In modern-day Russia, meanwhile, the legacy of the second world war has been co-opted by the country’s leadership in pursuit of its own interests. Take the war in eastern Ukraine, which started in 2014. This was sold to the Russian people on the basis of the (genuine) presence of far-right elements among the anti-Russian Maidan supporters. In other words, the Kremlin justified its petty expansionism into a neighbouring country under the guise of carrying out a modern-day anti-fascist mission. This was all the more offensive given the mutual sympathies and contacts between the Putinist establishment and European far-right parties such as France’s Front National or Italy’s La Lega.

So is there a more hopeful image of the past and present, one that binds Russians and Europeans together, that progressives across Europe can draw on? When I hear of “European values” I don’t think of false historical equivalences or Putinist propaganda about European moral decline. I see the Europe of mass trade unions and workers’ rights; the Europe of the February strike in the German-occupied Netherlands in defence of persecuted Dutch Jews in 1941; the “Refugees Welcome” Europe; the Europe struggling to take its progressive integration project back from the free-market-obsessed bureaucracy in the EU, ready to challenge the ultra-right; the Europe as seen in the Labour movement in the UK and Scandinavian social democracy via the gilets jaunes (yellow vests) in France.

And if concepts such as “European values” have been made to sound foreign to the ears of many in Russia, then we should be aware of the danger of importing off-the-rack models of progress and instead build a universalism with reference to emancipatory episodes in our own history. For example, the Soviet Union pioneered “affirmative action”, with quotas for descendants from indigenous people, ethnic minorities and women in universities. In fact, Soviet Russia, thanks in part to feminist revolutionaries such as Alexandra Kollontai, had given women electoral rights and decriminalised homosexuality at a time when most European countries could not even dream about doing anything of the kind.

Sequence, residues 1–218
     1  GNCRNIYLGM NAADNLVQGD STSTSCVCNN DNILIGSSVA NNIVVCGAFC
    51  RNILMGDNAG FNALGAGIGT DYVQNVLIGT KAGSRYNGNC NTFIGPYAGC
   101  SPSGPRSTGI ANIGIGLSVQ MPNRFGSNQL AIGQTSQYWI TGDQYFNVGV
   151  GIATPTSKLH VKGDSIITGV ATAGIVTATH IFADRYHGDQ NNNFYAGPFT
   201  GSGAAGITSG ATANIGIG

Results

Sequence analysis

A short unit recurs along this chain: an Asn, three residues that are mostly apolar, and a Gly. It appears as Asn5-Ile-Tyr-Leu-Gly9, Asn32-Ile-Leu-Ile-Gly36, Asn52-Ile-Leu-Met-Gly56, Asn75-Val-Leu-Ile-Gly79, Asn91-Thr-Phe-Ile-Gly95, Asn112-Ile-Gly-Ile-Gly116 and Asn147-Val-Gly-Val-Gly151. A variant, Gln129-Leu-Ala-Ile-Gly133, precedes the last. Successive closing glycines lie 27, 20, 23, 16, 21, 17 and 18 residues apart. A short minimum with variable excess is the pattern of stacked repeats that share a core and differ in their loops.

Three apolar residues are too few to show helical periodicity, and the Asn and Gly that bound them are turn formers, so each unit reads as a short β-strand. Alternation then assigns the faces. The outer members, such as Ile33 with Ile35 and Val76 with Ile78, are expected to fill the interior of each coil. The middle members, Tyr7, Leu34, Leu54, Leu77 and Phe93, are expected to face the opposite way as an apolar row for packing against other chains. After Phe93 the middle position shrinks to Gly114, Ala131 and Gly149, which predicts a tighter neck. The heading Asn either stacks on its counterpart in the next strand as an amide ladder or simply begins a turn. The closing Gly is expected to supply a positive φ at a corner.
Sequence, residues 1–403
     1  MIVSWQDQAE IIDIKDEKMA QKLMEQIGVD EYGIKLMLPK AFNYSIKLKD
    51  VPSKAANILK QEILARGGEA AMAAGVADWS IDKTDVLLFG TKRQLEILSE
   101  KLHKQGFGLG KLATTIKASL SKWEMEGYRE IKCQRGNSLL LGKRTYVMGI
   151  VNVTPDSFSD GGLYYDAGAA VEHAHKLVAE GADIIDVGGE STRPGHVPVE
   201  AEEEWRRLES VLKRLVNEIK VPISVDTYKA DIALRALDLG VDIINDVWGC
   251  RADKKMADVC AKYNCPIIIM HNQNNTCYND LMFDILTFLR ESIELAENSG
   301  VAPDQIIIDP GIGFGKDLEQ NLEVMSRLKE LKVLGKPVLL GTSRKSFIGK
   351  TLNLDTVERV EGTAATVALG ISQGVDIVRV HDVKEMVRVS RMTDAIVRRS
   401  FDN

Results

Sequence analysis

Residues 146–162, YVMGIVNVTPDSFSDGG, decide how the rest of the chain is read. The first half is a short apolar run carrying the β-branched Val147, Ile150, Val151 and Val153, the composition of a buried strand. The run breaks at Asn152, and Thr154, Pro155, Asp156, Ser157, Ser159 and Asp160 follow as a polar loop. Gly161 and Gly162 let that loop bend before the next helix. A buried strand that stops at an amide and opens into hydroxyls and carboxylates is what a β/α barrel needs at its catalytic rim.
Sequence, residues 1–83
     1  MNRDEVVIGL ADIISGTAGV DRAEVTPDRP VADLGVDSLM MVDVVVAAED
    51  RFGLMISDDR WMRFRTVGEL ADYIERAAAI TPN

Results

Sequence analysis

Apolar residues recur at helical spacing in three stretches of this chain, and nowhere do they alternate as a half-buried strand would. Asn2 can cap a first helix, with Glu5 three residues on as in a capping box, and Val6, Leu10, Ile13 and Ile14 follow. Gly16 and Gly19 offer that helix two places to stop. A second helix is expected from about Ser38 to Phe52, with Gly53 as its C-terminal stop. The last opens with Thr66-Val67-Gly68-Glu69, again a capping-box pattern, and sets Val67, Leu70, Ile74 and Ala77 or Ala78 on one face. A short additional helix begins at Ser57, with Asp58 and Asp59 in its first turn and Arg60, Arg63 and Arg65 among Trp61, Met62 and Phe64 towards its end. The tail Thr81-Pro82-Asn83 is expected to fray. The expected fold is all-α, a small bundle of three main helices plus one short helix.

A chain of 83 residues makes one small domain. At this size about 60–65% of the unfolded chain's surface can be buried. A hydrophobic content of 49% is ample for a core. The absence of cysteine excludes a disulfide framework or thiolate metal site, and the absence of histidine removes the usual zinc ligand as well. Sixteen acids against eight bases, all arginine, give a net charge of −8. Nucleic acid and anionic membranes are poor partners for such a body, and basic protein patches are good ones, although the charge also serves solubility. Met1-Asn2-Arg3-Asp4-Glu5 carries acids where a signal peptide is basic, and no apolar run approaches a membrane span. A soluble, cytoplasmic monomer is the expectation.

When the Russian state today appeals to our heroic past, this progressive history is certainly not what it has in mind. But it is what I will keep at the forefront of my mind during the Victory Day celebrations broadcast on official media, a ceremony that will reek of false patriotism. (Although the main parade has been postponed, there will still be a military airshow and fireworks.) Amid this show of Putinist nationalism, I will recall the sincere songs of Italian, Yugoslav and Belarusian guerrilla fighters, anti-fascist workers, and the Jewish resistance. A love for our respective home countries and an upgraded anti-fascist consensus is the only progressive foundation on which our continent can rest.

Kirill Medvedev is a poet, activist and musician based in Moscow